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Questions With Tiffany
On February 16th at 6:00 p.m. the Fresno Memorial Auditorium will be graced with a lecture from one of the most fascinating women in technology today: Tiffany Shlain. The tagline on her e-mails read, "Films, Lectures, Awards", and from anyone else this would be pretentious. But when you've founded the Webby Awards, directed a few critically acclaimed films, and you travel around the country giving sold out lectures, you can get away with that sort of stuff.
Ten years ago, when the internet was still in its infancy, Tiffany founded the "Webby Awards", which quickly became the industry's equivalent of the Oscars. She also founded the International Academy of Digital Arts & Sciences, which serves as the Webbys judging body. The Academy features such members as Francis Ford Coppola, David Bowie, and Beck, among others. The Webbys also feature a "People's Voice" award for each category, which last year garnered more than 200,000 voters.
Tiffany has directed eight films, two of which were Official Sundance Selections. Selected as one of Newsweek's "Women Shaping the 21st Century", she frequently appears on Good Morning America, CNN, and NPR as a technology expert.
Tiffany was kind enough to let me pick her brain a little bit, in preparation for her visit here to Fresno.
Your Current film is "The Tribe", which was an Official Selection of the Sundance film festival for 2006. Can you tell us a little bit about this film and how the reception has been?
The film is about the American Jewish experience told through the story of the Barbie doll. The response has been fantastic. From a great review in the NYTimes, to sold out screenings, to people going to our website to order the film. We are so happy. Your readers can find out more information about it at www.tribethefilm.com.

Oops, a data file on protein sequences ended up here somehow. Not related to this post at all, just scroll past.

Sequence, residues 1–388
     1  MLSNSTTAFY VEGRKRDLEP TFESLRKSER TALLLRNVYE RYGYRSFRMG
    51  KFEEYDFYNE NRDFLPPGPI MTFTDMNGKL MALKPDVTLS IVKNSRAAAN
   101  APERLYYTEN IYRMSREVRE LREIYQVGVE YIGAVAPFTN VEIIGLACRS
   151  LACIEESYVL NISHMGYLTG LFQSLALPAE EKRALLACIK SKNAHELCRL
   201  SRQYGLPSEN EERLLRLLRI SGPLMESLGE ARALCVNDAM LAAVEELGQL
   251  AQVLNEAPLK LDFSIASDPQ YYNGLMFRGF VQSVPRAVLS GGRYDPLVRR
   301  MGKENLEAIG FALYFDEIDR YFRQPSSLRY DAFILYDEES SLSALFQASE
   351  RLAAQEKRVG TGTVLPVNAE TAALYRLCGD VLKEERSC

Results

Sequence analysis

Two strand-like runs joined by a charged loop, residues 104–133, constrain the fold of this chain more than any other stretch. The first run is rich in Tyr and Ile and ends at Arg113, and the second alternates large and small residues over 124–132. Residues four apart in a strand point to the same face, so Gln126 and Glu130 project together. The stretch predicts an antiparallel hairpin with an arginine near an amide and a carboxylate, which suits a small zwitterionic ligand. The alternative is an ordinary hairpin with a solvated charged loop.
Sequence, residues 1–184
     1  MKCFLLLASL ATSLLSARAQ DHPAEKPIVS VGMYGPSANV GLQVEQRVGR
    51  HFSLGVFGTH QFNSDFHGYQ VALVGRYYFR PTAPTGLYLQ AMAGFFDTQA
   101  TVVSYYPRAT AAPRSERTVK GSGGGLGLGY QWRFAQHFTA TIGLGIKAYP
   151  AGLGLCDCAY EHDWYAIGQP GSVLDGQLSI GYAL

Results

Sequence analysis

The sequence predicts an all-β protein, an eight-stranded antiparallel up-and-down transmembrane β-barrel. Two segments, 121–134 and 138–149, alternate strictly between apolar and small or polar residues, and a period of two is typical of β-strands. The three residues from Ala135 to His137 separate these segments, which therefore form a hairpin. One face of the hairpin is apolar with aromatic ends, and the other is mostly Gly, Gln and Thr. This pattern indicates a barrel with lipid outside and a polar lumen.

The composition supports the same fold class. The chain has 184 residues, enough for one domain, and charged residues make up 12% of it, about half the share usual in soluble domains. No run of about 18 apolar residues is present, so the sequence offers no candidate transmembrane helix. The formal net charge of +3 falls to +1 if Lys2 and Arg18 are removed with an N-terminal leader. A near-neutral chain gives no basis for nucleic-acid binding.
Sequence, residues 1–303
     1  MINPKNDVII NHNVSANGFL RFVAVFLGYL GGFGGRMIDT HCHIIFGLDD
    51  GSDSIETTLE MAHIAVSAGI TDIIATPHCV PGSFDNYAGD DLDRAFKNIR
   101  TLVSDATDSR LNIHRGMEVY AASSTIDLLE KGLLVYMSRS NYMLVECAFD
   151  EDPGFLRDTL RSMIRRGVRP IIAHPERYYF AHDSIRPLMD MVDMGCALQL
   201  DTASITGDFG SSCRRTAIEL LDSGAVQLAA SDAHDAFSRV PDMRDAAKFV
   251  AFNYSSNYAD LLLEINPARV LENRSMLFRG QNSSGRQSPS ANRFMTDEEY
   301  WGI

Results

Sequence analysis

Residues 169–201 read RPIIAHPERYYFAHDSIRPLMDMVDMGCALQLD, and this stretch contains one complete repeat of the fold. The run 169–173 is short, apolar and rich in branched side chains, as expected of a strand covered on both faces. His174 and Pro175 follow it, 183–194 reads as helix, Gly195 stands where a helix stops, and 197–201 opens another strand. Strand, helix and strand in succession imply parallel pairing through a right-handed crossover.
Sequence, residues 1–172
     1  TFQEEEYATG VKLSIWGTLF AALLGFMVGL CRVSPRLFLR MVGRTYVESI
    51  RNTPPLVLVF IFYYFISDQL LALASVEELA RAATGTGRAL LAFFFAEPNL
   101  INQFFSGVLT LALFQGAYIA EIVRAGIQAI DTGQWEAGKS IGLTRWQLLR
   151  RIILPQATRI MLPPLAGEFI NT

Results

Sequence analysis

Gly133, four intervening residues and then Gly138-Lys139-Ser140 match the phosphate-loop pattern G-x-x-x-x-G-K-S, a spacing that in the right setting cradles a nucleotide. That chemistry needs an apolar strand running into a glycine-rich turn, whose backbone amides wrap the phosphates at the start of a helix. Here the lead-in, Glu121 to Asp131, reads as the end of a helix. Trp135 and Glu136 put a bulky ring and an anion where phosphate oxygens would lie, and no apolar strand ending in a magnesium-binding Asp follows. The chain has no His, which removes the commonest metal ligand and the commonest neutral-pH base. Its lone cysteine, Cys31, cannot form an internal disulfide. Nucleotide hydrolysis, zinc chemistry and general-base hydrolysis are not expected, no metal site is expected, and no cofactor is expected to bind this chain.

You strike me as the sort of film maker who doesn't just make films for fun, but rather because you have a point you want to make. What did you want to accomplish with The Tribe?
I am interested in unraveling complex ideas in unorthodox ways. For The Tribe I wanted to open up a dialogue about what it meant to be Jewish today as well as opening up a dialogue about faith and identity in America. My last film that was at Sundance in 2003 (Life, Liberty & The Pursuit of Happiness) I wanted to open up a dialogue about reproductive rights.
Myspace.com was nominated for a Webby award last year, but it didn't win. Since then, it has gone on to become the 15th most popular web site in the world. Do you think this is reflective of a change with the way we use the web? What do you think about the Myspace phenomenon?
Absolutely. Their growth has been amazing to watch. Myspace speaks to the next generation of young adults who really grew up online.
There's always been concern about protecting the openness of the internet. Most recently this has come up with the big telcos asking Google to pay up for preferential treatment on their networks. How secure do you feel the openness of the internet is, and what steps can be taken to maintain that openness?
A constant dialogue about openness with the public.
What do you think about the gender gap in the technology sector and do you think that as computers become less of a technological tool and more of a social tool that that gap will lessen, or is that just playing in to old gender stereotypes?
I think you will see that gap lessen as more people use the web as a tool.
Your lecture on February 16 will be titled "Using the Web for Social Change". Can you give us a sneak preview of some of the things you will be talking about?
The web has radically changed the way we live and work. I will pinpoint how it has changed our lives and examples of how we can harness this power to make social change.
What's next for Tiffany Shlain?
My family, The Tribe, The 10th Annual Webby Awards in NYC, a new film that is brewing...lots of good stuff.
More information about her upcoming lecture can be found here.